The Cable Executive Panel at INTX is a Must Watch To Understand the Future of Cable

Disclaimer– This article is for informational purposes and does not constitute financial advice.  Please consult with your financial advisor before making any investment decisions.  Please read full disclaimers here.  Author of this article owns cable stocks.

The future of the cable industry is remarkably dynamic at this moment in time.  The regulatory environment is changing, the industry structure is changing, consumer preferences are changing, and the cable industry is fighting to find its place in this continuously changing industry.

Below are our top takeaways from the INTX panel:

  • Local market consolidation opportunities – Jim Dolan (CEO of CVC) and Tom Rutledge (CEO of CHTR) both spoke of efficiencies to consolidate local markets by swapping subscribers with each other to gain scale at a local level. This would allow for more efficient servicing of customers, more efficient marketing to consumers, and more efficient rollout of local market wi-fi.
  • Every cable company seems to be speaking with each other– it was abundantly clear that all the cable company executives are speaking with other to figure out the best industry structure going forward.
  • Europeans are “baffled” by US regulators – below are comments from Mike Fries, CEO of Liberty Global:
    • “I’m baffled by the Chairman’s remarks and I’ll say it because he doesn’t regulate my business…On one hand, he says the cable industry through consolidation, through scale, fostered innovation in programming as a closed network, yet there is a presumption of guilt and a punishment of success that this industry has achieved that I have never witnessed before in my life.”
    • “European regulators are also baffled by what’s happening here”
    • “What European regulators have focused on is a level playing field, they have focused on a light touch, they have focused on infrastructure competition. They have not arbitrarily defined broadband as 25mb for example.  I mean, what incentive is there for a telco to invest with that as the definition.  Why would they do that now?….we’re happy to be abroad, let’s put it that way”
    • “To say that the cable industry here or anywhere in the world has not embraced the Internet as a distribution platform for video is crazy…TV Everywhere is at a tipping point. The fact that I can watch my Xfinity Go app, or Horizon Go in Europe anywhere I want, with lots of linear channels, thousands of hours of content, looks like the same interface, if that’s not embracing the Internet as a distribution platform for video, I don’t know what is.”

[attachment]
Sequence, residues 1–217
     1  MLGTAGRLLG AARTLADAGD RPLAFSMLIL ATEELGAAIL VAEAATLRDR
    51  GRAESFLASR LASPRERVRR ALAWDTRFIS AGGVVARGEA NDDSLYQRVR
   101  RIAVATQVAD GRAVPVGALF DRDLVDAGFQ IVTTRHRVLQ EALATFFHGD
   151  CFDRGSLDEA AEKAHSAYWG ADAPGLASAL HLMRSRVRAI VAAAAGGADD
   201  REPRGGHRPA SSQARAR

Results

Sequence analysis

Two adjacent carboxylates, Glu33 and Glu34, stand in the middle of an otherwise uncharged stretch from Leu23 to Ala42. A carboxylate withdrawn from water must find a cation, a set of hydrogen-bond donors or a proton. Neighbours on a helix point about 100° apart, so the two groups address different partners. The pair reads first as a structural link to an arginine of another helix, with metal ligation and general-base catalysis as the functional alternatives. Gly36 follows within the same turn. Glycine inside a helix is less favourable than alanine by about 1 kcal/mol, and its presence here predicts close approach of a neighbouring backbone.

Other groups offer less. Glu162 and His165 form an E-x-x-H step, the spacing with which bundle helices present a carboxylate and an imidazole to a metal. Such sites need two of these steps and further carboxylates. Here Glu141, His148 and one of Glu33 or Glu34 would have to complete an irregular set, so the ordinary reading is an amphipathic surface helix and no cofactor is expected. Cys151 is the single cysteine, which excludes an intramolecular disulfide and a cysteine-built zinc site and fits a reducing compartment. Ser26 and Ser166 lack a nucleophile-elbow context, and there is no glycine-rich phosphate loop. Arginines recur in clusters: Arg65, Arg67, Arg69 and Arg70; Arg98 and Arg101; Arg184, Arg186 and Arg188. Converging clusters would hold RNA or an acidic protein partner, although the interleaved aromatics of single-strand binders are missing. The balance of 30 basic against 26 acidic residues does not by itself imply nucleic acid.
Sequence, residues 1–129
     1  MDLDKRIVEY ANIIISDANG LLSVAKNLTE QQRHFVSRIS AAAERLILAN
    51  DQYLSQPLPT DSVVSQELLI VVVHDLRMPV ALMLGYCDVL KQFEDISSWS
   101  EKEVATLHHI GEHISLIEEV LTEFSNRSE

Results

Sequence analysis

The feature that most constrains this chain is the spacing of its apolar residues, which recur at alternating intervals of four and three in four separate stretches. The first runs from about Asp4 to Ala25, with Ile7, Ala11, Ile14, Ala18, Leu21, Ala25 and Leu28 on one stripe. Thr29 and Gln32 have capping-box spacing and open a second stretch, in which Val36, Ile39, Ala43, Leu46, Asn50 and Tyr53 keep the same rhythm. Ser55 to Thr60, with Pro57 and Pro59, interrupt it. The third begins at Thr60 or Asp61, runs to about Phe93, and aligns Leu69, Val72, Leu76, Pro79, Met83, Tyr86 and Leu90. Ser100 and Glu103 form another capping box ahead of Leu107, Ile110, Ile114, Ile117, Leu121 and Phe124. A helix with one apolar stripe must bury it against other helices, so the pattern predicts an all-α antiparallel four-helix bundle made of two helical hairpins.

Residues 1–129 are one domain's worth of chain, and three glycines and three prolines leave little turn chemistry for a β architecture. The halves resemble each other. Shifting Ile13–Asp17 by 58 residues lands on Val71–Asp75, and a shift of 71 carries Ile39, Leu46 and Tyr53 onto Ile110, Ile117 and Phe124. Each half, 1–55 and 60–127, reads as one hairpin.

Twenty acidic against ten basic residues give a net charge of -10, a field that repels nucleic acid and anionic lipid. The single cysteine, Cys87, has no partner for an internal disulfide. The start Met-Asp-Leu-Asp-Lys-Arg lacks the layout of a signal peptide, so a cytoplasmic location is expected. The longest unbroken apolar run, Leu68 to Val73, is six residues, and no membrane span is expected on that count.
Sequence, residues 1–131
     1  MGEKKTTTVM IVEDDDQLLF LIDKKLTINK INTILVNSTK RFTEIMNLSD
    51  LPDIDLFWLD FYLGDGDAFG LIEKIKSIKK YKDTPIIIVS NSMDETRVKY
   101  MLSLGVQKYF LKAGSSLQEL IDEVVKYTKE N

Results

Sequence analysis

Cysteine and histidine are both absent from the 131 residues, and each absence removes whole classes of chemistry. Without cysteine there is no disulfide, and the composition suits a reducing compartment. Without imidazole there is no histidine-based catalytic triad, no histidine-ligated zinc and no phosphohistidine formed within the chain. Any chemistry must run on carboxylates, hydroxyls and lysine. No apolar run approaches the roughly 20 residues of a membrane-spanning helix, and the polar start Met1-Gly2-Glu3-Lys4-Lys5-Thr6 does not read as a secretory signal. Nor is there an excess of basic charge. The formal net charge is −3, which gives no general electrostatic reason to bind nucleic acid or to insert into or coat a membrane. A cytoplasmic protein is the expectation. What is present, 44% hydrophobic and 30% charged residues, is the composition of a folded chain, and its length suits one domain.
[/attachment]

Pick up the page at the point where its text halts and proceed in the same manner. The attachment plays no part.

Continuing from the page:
• Cable bills to go up as a result of Title II – Cable bills are likely to go up not down because of recently enacted Title II / Net Neutrality regulation from the FCC because of new taxes and legal costs that cable companies will ultimately have to pass onto its consumers. See the below quote from the Pat Esser, President of Cox Communications:
    • “We have invested $23Bn into our network since 1997. Then, after taking all of this risk, the rules get changed while we’re totally exposed and continuing to invest in our network.  All of a sudden, the rules get changed with rules that were really written in 1930.”
    • “We are already seeing early signs that within weeks after Title II coming out of the FCC, we are seeing pole attachment fees go up. We’re already seeing new classification of taxes.  My legal costs are going up.  The legal structure I’ll have to put in place with to deal with all the filings and complaints that come through this process.  At the end of the day, my customer pays for that.  I just don’t think it’s needed.”
  • Broadband is potentially 7x more profitable than video– according to Jim Dolan (CEO of CVC), broadband generates 7x the profit that their video business generates. The implication here seems to be that serving customers with the best possible broadband is where the future of the industry lies even while the video business gets smaller.  For example, if cable companies can sell cheaper bundles to consumers by selling smaller video packages but with better broadband access, then, net profit dollars can go up as the mix shift continues toward broadband over video.